This court has applied Keutla in several cases, most recently in State v. Sandoval, No. 18-1897, 947 N.W.2d 413, 2020 WL 1548477 (Iowa Ct. App. Apr. 1, 2020). There, the defendant was found in contempt for violating her probation by not completing an ordered class and additional hours of community service. See 2020 WL 1548477, at *1, 947 N.W.2d 413. The defendant failed to purge the contempt by completing the community service hours within the court-imposed deadline. Id. “No additional report of violation was filed.” Id. The district court imposed the contempt sentence and also revoked the defendant's deferred judgment. Id. On appeal, the defendant argued the court “lacked the authority to revoke her deferred judgment and impose a contempt punishment in the same proceeding for violation of the terms of her probation.” Id. The court of appeals agreed. We stated,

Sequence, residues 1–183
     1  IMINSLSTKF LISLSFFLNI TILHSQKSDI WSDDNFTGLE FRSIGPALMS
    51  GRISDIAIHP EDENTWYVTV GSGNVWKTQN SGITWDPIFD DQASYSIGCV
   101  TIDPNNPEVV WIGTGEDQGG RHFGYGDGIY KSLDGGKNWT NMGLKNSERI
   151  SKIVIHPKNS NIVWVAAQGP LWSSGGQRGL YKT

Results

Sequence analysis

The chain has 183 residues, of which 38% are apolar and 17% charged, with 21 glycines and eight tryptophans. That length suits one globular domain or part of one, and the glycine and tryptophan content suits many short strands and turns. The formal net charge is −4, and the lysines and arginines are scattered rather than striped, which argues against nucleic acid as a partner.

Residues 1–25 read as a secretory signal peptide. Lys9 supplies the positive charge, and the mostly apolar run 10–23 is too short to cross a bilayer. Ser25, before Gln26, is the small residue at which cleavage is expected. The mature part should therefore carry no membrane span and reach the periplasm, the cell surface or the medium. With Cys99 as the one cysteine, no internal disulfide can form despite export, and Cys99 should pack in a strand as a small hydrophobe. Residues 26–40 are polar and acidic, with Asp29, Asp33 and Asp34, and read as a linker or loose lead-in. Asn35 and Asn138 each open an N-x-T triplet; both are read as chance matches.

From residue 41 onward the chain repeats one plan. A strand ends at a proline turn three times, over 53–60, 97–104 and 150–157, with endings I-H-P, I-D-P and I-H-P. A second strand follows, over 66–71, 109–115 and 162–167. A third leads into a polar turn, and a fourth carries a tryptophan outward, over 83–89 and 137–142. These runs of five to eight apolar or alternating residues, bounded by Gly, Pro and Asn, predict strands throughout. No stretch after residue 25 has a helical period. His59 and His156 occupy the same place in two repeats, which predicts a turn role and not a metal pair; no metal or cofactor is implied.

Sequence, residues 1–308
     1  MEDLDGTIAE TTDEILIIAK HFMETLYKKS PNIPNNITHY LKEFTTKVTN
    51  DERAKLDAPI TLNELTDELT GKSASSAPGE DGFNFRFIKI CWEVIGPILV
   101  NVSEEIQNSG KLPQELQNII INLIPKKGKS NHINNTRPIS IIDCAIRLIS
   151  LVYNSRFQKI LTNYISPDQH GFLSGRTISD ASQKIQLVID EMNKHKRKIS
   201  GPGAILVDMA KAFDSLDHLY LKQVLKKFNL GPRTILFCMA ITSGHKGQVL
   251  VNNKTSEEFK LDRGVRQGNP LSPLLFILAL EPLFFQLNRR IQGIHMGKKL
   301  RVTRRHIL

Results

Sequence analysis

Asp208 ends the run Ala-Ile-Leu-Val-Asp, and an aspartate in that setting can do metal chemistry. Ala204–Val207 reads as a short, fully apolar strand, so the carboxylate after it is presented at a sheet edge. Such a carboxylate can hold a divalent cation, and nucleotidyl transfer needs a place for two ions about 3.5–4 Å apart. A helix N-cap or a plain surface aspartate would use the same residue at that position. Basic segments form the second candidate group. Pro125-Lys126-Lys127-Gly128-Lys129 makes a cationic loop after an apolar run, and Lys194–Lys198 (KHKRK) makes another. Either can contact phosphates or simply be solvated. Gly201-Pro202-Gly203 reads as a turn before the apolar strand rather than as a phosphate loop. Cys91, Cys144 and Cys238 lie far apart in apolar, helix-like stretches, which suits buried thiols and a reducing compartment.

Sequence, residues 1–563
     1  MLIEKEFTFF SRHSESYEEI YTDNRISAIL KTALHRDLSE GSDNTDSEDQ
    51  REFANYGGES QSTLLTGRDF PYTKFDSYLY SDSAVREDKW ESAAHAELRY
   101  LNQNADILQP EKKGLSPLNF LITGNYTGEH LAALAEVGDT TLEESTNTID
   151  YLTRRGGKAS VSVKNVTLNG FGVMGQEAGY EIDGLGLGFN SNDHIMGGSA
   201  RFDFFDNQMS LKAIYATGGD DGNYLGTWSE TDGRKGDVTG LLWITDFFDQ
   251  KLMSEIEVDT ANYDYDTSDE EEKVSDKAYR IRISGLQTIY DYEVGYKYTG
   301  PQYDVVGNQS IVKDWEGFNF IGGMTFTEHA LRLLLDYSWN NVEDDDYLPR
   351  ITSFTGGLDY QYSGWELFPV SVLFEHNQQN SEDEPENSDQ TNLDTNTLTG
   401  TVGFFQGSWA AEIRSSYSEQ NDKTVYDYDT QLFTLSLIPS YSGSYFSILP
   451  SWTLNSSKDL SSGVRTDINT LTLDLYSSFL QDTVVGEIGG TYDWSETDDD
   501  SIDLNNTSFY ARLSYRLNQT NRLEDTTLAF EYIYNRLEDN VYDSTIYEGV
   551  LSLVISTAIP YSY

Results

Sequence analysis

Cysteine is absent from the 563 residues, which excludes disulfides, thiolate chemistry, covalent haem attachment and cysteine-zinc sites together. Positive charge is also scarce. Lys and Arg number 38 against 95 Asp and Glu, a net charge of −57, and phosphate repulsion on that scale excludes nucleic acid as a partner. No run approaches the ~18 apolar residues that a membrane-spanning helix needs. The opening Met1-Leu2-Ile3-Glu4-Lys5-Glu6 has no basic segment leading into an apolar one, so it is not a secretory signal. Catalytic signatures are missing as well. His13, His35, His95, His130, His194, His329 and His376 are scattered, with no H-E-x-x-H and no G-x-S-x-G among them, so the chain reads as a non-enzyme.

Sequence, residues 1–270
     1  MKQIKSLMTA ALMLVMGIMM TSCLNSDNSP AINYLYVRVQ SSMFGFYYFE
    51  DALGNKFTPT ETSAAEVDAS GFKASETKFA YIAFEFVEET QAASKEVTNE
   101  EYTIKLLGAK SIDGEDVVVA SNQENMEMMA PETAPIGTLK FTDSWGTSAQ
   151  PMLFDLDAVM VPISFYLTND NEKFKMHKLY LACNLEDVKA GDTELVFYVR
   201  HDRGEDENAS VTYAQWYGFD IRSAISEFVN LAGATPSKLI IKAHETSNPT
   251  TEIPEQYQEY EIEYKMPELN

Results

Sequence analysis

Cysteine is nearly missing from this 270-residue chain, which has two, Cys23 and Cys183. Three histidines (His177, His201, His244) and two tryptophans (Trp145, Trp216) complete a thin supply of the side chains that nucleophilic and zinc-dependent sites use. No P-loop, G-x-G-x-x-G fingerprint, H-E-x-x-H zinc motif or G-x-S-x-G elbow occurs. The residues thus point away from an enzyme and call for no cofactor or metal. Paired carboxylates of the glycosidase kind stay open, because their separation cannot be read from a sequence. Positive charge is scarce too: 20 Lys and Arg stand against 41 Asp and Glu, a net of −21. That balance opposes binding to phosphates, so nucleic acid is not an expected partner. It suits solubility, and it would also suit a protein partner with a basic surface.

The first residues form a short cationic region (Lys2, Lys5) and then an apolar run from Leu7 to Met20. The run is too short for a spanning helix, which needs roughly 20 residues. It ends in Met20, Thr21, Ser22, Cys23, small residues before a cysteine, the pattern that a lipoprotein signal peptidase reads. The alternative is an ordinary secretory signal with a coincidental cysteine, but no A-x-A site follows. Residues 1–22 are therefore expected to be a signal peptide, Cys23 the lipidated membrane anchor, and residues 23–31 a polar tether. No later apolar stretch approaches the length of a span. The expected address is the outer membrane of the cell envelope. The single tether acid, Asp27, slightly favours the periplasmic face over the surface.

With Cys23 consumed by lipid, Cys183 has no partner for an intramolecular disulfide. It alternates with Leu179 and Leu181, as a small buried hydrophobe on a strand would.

At the initial probation revocation hearing, the court exercised the contempt option of Iowa Code section 908.11(4). Although [the defendant] failed to purge the contempt prior to the second hearing, no separate and distinct report of violation was filed or otherwise entered into the record. Because the court had already sentenced [the defendant] on contempt and extended her probation on the single report of probation violation, the court did not have the authority to impose a second punishment under section 908.11(4).